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  • Neuroscience: A Historical Introduction by Mitchell Glickstein
  • Amy Ione, Director
Neuroscience: A Historical Introduction
by Mitchell Glickstein. MIT Press, Cambridge, MA, U.S.A., 2014. 424pp., illus. Trade. ISBN: 978-0-2620-2680-5.

Neuroscience: A Historical Introduction conveys the sense that author Mitchell Glickstein must be a wonderful teacher. His use of questions to introduce the book and specific subjects within the chapters prods the reader to engage with the subject matter even before he presents the details. Glickstein explains that his goal is to offer a biological history that will describe where neuroscience is today. To do this he presents key scientific events that explain how we know what we know, ending with the admonition that there is still much to learn. Thus, this is not a textbook summarizing our current knowledge so much as a look at the train of experimental and clinical observations that brought us to this point. Chapters also cover the traditional topics of the field, such as the structure of nerve cells, electrical transmission in the nervous system, chemical transmission and the mechanism of drug action, sensation, vision, hearing, movement, learning and memory, language and the brain, neurological disease, personality and emotion, the treatment of mental illness, and consciousness.

Generalists, and even specialists, looking for a good overview of neuroscience will find that Glickstein’s contribution is solid. In some ways, due to its comprehensive approach, Neuroscience: A Historical Introduction reads like an introductory textbook, but one with information about the historical foundations of current research added. Because Glickstein covers the field’s parameters, and the information is easier to absorb than when reading a tome such as Kandel’s Principles of Neural Science, readers seeking to learn more about the subject will definitely find it useful. The many well-chosen illustrations, diagrams and title pages of significant historical works enhance its educational value, as do the photographs of key figures that help in introducing readers to the important players in the story. In addition, I greatly appreciated his inclination to translate the Latin names for areas of the brain, and I think others will as well. This feature makes sense of the strange names and, at times, adds additional history.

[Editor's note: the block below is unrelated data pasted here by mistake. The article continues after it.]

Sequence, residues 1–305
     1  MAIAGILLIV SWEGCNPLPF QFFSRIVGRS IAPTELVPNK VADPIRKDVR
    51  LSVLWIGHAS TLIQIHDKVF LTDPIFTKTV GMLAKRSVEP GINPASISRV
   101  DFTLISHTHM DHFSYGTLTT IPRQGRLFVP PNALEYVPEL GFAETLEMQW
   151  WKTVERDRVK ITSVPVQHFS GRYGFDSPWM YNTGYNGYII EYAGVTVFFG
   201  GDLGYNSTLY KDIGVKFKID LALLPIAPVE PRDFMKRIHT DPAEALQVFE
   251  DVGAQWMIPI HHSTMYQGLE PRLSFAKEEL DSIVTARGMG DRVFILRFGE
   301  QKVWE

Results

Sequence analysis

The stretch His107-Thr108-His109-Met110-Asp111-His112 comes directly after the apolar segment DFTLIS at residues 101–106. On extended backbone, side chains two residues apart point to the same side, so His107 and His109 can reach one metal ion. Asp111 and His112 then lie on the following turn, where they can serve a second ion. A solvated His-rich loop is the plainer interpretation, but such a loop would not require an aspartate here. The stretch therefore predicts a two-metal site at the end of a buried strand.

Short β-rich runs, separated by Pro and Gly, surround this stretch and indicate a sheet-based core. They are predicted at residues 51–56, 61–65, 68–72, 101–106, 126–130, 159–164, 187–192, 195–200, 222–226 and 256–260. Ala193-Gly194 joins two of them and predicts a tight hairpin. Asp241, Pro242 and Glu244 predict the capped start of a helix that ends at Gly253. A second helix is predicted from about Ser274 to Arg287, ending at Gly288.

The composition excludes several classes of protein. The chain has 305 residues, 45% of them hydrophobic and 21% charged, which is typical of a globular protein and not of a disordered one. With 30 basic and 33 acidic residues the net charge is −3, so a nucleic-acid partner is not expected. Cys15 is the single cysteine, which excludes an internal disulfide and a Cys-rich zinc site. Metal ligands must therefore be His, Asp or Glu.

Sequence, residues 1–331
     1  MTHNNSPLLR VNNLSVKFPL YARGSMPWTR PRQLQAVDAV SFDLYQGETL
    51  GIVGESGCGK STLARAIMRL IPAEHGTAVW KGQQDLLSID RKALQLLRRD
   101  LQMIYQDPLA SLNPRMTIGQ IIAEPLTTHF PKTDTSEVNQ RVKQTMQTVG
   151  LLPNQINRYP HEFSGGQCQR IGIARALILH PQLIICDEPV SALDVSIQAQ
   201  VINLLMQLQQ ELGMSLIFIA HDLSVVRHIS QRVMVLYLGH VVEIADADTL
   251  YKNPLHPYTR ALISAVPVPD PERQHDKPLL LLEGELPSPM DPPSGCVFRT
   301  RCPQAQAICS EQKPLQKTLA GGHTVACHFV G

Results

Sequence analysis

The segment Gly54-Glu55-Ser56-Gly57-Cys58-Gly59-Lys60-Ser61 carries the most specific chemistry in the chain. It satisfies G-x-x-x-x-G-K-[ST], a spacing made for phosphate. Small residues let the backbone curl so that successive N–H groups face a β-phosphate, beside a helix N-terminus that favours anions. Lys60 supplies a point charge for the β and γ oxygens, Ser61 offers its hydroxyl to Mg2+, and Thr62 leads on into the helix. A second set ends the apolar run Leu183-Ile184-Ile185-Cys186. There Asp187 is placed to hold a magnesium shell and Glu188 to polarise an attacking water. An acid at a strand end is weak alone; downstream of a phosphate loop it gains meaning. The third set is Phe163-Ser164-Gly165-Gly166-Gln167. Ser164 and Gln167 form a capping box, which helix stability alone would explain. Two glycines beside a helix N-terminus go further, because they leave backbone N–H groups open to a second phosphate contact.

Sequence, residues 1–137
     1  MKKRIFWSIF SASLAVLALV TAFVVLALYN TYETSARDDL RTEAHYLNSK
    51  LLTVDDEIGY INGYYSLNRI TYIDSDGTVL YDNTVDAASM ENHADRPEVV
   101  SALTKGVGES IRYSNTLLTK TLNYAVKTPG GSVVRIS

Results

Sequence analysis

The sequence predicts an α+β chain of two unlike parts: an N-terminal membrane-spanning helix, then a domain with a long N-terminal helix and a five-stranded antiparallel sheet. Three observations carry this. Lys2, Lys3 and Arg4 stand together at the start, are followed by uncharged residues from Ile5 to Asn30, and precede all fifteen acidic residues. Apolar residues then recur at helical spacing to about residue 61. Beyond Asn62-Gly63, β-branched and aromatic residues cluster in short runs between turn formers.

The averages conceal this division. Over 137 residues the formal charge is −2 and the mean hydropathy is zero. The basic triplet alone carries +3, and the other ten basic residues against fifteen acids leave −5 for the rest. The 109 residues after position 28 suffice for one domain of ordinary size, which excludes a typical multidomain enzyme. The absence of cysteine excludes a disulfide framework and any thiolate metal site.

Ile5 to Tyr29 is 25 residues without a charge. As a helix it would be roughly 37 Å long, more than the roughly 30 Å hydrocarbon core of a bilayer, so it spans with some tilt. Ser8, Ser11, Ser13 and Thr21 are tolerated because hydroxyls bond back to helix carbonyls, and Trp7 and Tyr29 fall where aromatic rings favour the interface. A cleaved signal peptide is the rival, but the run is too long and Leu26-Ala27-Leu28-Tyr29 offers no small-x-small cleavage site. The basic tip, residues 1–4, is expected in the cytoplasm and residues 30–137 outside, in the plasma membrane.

The downside of the book is that it is primarily focused on ideas from the 18th century on, with the 19th and 20th centuries receiving the most page space. As a historian rather than a scientist, I felt the history was too compressed. I missed the broader contextual integration, the social history and the attention to collaborative work across disciplines that generally defines historical coverage. Over the years I have developed a strong bias toward contrasting different periods of history, which perhaps makes it difficult for me to give this book its due because I conceptualize history in terms of histories (or paradigms) and see a value in contrasting the details across eras so as more fully to examine human values and the way human questions are re-mixed at different points in time. In other words, I like the messiness of technological innovations and methodological changes, whereas Glickstein seems to prefer a [End Page 312] story that appears to convey a more progressive delineation. Thus, Glickstein’s approach will work better for readers wanting to learn more about the roots of contemporary neuroscience than those looking for the kinds of integrative historical details and contrasts found in broader histories.

For example, Glickstein notes that the drawings Vesalius presented in the Fabrica illustrated how he would have done a typical dissection. Given how effectively these illustrations communicated his worldview and procedures, I would have liked more detail about the circumstances surrounding them. Published in 1543, as Glickstein tells us, Vesalius’ revolutionary anatomical drawings “represented a new generation of scholars who were not content to repeat the thousand-year old anatomical descriptions but, instead, relied on their own observations” (p. 8). The Roman physician Galen (AD 130–200)—who was not named in the book—was the authority and foundation of medical thought from the 2nd century into the Renaissance and the source of many of the errors Vesalius corrected (much as Ptolemy was the authority on planetary movements before Copernicus developed his...


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pp. 312-314
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